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Trump to jet off to coronavirus hotspot just miles from his ailing Florida golf resort

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Donald Trump plays golf at Trump National Doral (screen grab)

President Donald Trump will fly off to a coronavirus hotspot not far from his struggling Florida golf course.

Trump will visit U.S. Southern Command in Doral, where the president’s family business owns a golf resort and hotel, for a briefing on South American drug trafficking — and placing a strain on local medical resources, reported CNN.

Miami-Dade County has endured a 90-percent increase in COVID-19 hospitalizations in the past 13 days, along with an 86-percent increase in intensive care unit beds being used and a 127-percent increase in ventilators in use.

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Presidential visits always require significant resources to prepare for a worst-case scenario, which could strain already overburdened local hospitals.

The White House Medical Unit usually designates a primary hospital ahead of a visit, and they coordinate with the Secret Service to prepare for any type of medical emergency.

Those preparations include setting up secure communications networks and walk-through rehearsals with medical personnel, and a trauma bay is set aside for the president.

“We’re not going to displace any medical care to be on standby for the President, but if he goes there, there will be a significant impact to the hospital,” said former Secret Service Agent Jonathan Wackrow, now a CNN contributor.

It’s not clear whether the president will visit nearby Trump National Doral, which reopened last month.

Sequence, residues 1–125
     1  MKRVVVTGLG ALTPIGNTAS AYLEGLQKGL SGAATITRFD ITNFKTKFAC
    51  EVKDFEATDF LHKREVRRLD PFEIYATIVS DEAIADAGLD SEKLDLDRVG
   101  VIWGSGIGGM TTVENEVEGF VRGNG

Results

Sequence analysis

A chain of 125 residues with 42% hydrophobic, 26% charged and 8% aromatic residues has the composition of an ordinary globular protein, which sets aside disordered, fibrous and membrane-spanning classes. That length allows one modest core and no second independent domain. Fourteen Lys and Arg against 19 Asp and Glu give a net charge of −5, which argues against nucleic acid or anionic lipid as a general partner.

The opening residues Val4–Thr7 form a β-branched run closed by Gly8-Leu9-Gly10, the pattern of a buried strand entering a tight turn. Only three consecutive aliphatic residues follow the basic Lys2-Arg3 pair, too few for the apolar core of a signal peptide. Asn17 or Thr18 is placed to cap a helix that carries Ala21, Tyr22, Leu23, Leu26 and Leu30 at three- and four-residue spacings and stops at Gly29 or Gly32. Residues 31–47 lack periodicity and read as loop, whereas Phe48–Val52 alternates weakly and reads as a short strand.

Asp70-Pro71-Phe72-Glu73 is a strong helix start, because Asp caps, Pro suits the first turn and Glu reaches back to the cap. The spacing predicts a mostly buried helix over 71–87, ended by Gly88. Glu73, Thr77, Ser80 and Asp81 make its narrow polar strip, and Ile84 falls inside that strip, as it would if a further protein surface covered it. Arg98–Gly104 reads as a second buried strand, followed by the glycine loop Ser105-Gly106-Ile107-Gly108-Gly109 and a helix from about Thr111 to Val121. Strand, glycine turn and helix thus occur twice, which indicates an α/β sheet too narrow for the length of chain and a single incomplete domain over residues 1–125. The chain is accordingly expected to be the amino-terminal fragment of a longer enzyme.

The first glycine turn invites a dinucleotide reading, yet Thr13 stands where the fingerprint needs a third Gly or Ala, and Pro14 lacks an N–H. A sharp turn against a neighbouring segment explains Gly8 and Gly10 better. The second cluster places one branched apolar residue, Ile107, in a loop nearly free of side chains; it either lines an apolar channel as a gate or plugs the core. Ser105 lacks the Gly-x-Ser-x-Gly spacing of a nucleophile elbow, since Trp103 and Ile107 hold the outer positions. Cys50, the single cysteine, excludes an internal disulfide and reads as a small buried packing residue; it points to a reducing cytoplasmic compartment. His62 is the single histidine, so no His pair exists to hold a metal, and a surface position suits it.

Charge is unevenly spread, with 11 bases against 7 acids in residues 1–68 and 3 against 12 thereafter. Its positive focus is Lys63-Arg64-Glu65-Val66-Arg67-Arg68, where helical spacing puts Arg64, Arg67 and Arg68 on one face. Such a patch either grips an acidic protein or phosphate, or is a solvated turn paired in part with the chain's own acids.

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The resort, which Trump Organization calls its biggest moneymaker, had been losing money since Trump first launched his political career in 2015.

Since reopening, the resort’s four golf courses have been busy but rooms have remained relatively empty, as other hotels have experienced since the pandemic.


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2020 Election

Mental health expert: Trump is waging ‘psychic terrorism against Black Americans

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A prominent Black psychologist is accusing President Trump of waging "psychic terrorism" against Black Americans, and warns that the "psychological trauma" experienced by people of African descent won't simply go away if Trump loses the election.

Dr. Kevin Washington, the former president of the Association of Black Psychologists and the head of the sociology and psychology department at Grambling State University, studies the cultural and historical trauma of people impacted by the legacy of slavery in America. In a recent interviw, he told Salon that the president's rhetoric has effectively given "permission" to act out on "white supremacist" ideology, but was not the primary cause of rising racial tensions across the country.

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2020 Election

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Termination of this top Pentagon official reveals another disturbing pattern in the Trump administration

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Warren Whitlock enjoyed a remarkable career as a diversity officer at the federal Transportation Department, winning victories for poor communities of color that his superiors thought impossible. There’s even a documentary film about his success in getting municipal bus service for a Black neighborhood in Beavercreek, Ohio, that had been intentionally bypassed.

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